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Chris Hall

Making technology fit my requirements...

Windows, Linux, Virtualisation, Unified Computing & Cloud Offerings Design Engineer.

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vSphere Logo The new v7.0 version of vSphere was released late last week and like many others I am keen to play with all the shiny shiny new features:

  • Kubernetes Integration
  • Assignable Hardware
  • vSphere Lifecycle Manager
  • Intrinsic Security
  • Improved DRS
  • Refactored vMotion

First step is to install ESXi 7.0 into a Virtual Machine (VM) and have a little look see before we go any further.

This post is part 1 of a multipart series. Find the other parts here:

Problem 1 - Boot Drive Size

Being the same old, same old frugal VM admin, I assigned my usual 1GB boot drive hard disk to my ESXi 7.0 VM. Boot up answer the first couple of installer questions… Hmmm this is new:

HDD Too Small

From the ESXi Hardware Requirements page:

ESXi 7.0 requires a boot disk of at least 8 GB for USB or SD devices, and 32 GB for other device types such as HDD, SSD, or NVMe. A boot device must not be shared between ESXi hosts.

Ah, OK, well this is a test VM, so it can have a 4GB boot HDD and like it. Simple fix. :wink:

Problem 2 - CPU_SUPPORT Error

VM rebooted and on we go with the install. Oh, so that’s not nice:

CPU Error

My ESXi server has two Intel Xeon E5640 CPUs in it. Whilst I was lucky to be able to upgrade to ESXi 6.7 without issue, it looks like VMware have finally caught up with my ageing hardware.

Ah yes, from the vSphere 7 release notes:

Comparing the processors supported by vSphere 6.7, vSphere 7.0 no longer supports the following processors:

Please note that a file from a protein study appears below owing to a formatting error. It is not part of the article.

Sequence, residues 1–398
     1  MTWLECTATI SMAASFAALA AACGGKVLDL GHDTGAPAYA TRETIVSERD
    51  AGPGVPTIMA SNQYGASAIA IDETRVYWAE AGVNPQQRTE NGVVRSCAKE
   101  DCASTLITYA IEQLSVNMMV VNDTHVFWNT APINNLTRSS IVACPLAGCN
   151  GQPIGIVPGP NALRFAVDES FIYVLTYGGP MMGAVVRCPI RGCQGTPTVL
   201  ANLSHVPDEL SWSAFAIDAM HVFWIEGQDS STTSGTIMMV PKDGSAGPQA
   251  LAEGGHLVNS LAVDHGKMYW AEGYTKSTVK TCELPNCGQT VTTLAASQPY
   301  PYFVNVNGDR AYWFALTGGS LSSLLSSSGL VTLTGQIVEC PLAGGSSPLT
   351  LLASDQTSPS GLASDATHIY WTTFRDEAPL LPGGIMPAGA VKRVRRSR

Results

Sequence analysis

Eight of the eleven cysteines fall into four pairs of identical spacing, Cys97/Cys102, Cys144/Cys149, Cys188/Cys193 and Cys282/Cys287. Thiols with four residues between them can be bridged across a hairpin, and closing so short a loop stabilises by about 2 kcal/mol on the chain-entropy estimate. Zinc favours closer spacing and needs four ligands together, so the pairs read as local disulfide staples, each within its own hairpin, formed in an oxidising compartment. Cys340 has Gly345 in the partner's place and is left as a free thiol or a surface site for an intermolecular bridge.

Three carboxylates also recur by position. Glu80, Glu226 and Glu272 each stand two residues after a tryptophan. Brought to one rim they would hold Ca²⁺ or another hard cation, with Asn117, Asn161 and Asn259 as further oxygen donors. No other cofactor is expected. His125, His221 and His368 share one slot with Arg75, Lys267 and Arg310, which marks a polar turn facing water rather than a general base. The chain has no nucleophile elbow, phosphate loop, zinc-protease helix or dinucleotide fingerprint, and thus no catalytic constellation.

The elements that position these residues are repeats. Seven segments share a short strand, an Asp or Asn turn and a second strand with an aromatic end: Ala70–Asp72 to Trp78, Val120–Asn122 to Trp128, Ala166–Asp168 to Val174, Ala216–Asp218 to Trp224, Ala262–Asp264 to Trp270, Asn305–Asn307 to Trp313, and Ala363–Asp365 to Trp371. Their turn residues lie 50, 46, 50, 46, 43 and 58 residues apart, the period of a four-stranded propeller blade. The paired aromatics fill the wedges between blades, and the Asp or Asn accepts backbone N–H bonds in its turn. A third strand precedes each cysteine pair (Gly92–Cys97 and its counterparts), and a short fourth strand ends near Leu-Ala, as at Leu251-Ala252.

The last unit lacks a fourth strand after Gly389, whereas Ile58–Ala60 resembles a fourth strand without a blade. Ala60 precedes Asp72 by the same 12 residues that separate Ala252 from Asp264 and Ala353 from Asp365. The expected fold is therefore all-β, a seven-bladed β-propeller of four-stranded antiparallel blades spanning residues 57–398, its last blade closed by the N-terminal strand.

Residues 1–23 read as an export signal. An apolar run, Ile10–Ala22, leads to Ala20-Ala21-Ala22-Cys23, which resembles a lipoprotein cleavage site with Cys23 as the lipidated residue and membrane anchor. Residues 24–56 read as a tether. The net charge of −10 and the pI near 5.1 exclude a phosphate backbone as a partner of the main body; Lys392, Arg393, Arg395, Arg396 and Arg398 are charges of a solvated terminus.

• Intel Family 6, Model = 2C (Westmere-EP)
  • Intel Family 6, Model = 2F (Westmere-EX)

Boo! no support for my CPU. :grimacing:

CPU_SUPPORT Error - The Fix

So the ESXi installer is looking at physical processor in the server to determine whether to continue installation. Luckily for us, as this is a VM, we can make some adjustments to the VM to allow the ESXi 7.0 installer to continue with the install.

To accomplish this, we can use a CPU “mask” to hide the identity of our server’s actual CPU and pass through the identity of a supported CPU instead. Standard disclaimers apply:

  • YES this is unsupported by VMware
  • YES what follows should not be attempted on production equipment
  • YES you are on you’re own (but hey, you knew that already. This is cheaper than purchasing a new motherboard, CPUs, RAM etc)

Power off the ESXi 7.0 VM, edit the settings, expand the CPU settings and click Advanced:

CPU Advanced Settings

From there expand Level 1 and paste the following into the EAX field:

Identification for Intel CPUs: 0000:0000:0000:0011:0000:0110:1100:0011
Identification for AMD CPUs: 0000:0000:0110:0000:0000:1111:0001:0000

My CPU is an Intel, so I’ll paste in the Intel ID:

CPU Advanced Settings

Click OK twice, boot up the VM and kick off the ESXi installer again. Third time’s a charm? :wink:

Installing!

Oh yes! :sunglasses:

Install Complete

Install complete. Let’s boot the VM up just to see if it boots. Yep looks good:

First Boot OK

We can now remove the CPU ID set above. After all, the installer has done it’s work and we are all good.

Shut down the ESXi 7.0 VM, edit the settings, expand the CPU settings and click Advanced: From there expand Level 1, click Reset Row and click OK twice to save.

Reset Row

Job done. ESXi7 installed, CPU ID returned to normal.

Next time in part 2, we’ll take a closer look at EAX numbers and I’ll detail how I arrived at the working EAX numbers.

-Chris